Overall, I view the $\text{ECTT}$ as a solid principle and axiom. But we have working computers that are well-described by $\text{BPP}$, and there are problems like prime-finding and polynomial identity-testing that are not known to be in $\text{P}$, so why doesn't this violate the $\text{ECTT}$? It doesn't until we can actually prove $\text{P} \neq \text{BPP}$: in the meantime, instead of shifting our focus to $\text{BPP}$, we're no worse off keeping the $\text{ECTT}$ as-is and saying what-if polynomial identity-testing is actually in $\text{P}$. This approach also lets us isolate particular problems we are interested in such as factoring. It's a subtly different assumption than equipping our model with an oracle, since we don't actually change the model, but the effect is the same. From this utilitarian point of view, the $\text{ECTT}$ is sufficient until we can prove any separations. The situation is the same for quantum computing, except we have to build a working quantum computer and prove $\text{P} \neq \text{BQP}$ to really take the wind out of the $\text{ECTT}$. If we just build one without the proof, maybe the universe is a simulation running on a classical computer and the $\text{ECTT}$ still holds, or if we prove it without building one, maybe it's not really a reasonable model. To make the argument really tight, we need problems that are complete for $\text{BPP}$ and $\text{BQP}$ with respect to $\text{P}$, but we can make do with choosing whatever problems we know how to solve.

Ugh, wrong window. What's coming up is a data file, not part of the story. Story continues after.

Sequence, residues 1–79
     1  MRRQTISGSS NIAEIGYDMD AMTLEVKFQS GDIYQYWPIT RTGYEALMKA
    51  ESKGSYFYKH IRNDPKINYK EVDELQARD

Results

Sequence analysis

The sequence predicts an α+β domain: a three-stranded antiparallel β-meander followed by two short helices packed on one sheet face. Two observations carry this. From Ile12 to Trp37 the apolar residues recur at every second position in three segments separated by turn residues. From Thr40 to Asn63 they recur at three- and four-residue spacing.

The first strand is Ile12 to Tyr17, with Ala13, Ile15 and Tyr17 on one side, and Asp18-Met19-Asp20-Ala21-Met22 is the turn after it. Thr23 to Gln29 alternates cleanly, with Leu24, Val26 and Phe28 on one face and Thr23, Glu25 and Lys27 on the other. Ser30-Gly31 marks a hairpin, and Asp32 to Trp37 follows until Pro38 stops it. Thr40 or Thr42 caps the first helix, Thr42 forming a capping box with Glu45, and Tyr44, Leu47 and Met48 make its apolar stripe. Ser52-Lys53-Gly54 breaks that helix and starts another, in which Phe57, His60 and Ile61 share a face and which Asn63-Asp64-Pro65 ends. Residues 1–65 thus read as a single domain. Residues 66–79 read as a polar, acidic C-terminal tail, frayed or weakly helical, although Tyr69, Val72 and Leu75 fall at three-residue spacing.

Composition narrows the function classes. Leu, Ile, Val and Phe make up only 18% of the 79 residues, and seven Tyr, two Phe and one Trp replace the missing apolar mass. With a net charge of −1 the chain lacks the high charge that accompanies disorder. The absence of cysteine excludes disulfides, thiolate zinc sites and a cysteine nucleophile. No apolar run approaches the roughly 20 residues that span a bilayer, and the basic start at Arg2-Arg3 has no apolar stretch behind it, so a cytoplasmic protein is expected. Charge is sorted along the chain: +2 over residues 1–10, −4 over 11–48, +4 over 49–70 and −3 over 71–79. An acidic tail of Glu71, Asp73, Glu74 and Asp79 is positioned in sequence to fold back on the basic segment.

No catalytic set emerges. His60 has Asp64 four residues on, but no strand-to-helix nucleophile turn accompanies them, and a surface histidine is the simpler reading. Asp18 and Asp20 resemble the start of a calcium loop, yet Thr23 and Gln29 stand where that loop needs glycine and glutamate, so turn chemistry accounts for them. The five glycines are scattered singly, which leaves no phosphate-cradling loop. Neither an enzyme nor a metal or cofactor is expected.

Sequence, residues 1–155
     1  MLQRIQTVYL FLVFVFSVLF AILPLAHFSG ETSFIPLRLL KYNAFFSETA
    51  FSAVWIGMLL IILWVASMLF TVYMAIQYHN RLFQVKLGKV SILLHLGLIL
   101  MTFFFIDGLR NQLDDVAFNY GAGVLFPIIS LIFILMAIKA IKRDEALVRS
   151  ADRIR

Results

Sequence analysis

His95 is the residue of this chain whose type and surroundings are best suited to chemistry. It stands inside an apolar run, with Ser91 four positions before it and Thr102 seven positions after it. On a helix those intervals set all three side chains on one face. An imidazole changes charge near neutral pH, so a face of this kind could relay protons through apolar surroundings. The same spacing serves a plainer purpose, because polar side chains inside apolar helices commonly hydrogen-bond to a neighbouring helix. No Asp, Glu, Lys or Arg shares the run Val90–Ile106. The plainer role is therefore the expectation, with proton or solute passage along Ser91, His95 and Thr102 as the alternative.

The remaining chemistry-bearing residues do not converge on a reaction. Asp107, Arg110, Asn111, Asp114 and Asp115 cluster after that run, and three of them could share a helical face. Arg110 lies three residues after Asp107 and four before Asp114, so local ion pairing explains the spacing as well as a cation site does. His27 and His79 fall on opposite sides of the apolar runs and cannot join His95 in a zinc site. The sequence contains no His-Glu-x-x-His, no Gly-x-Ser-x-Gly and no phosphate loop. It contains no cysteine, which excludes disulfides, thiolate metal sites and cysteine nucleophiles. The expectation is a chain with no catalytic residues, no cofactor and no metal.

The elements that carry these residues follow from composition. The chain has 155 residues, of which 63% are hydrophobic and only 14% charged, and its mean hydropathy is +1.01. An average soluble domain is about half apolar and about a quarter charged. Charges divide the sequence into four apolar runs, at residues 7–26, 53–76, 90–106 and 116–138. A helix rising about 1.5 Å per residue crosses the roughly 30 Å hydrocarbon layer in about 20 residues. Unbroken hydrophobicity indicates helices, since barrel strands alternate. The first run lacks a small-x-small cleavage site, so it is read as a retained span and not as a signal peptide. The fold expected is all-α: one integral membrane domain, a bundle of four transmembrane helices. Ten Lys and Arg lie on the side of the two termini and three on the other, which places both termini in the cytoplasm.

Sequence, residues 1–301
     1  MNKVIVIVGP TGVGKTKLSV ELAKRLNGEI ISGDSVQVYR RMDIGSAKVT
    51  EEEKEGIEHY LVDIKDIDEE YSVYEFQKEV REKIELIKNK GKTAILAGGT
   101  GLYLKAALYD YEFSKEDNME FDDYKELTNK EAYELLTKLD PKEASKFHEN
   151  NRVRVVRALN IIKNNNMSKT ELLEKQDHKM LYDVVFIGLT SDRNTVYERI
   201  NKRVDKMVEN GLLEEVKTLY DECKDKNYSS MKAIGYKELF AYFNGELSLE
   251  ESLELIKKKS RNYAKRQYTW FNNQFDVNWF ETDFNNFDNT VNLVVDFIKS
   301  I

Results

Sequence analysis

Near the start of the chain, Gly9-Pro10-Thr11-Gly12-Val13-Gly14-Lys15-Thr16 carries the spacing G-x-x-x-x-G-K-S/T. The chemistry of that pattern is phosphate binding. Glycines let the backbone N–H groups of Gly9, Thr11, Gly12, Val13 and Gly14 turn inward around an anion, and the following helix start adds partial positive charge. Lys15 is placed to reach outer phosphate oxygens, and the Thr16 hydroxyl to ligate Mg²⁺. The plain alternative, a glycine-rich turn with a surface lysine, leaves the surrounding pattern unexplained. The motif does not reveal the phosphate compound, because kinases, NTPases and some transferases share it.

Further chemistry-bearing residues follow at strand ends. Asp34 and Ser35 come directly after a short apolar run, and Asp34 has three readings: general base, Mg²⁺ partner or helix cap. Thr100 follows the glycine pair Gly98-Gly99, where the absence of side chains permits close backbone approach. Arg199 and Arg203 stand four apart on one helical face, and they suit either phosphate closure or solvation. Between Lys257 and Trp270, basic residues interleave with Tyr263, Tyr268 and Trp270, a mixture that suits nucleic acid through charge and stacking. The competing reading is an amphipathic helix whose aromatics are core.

For example, suppose I claim to have built a machine that factors numbers and that its runtime satisfies a particular polynomial bound. The machine is in a box, you feed in the number written on a paper tape, and it prints out the factors. There is no doubt that it works, since I've used it to win the RSA challenges, confiscate cryptocurrency, factor large numbers of your choice, etc. What's in the box? Is it some amazing new type of computer, or is it an ordinary computer running some amazing new type of software?

By assuming the $\text{ECTT}$, we're saying it must be software, or at least that the same task could be accomplished by software. And until we can open the box by proving complexity class separations, no generality is lost under this assumption. That's because even if the operation of the machine is explained well by some reasonable non-classical or non-deterministic model and not explained by the classical deterministic one we would still need to prove those models are actually different in order to break our interpretation of the $\text{ECTT}$ and make our theory unsound.

To challenge the $\text{ECTT}$ from an entirely extra-mathematical direction, it seems that we'll need a machine or at least a plausible physical principle for solving an $\text{EXPTIME}$-complete problem in polynomial time. Even a time machine implementing $\text{P}_\text{CTC} = \text{PSPACE}$ is not powerful enough to defeat the $\text{ECTT}$ without a proof of $\text{P} \neq \text{PSPACE}$, although it might help us produce one.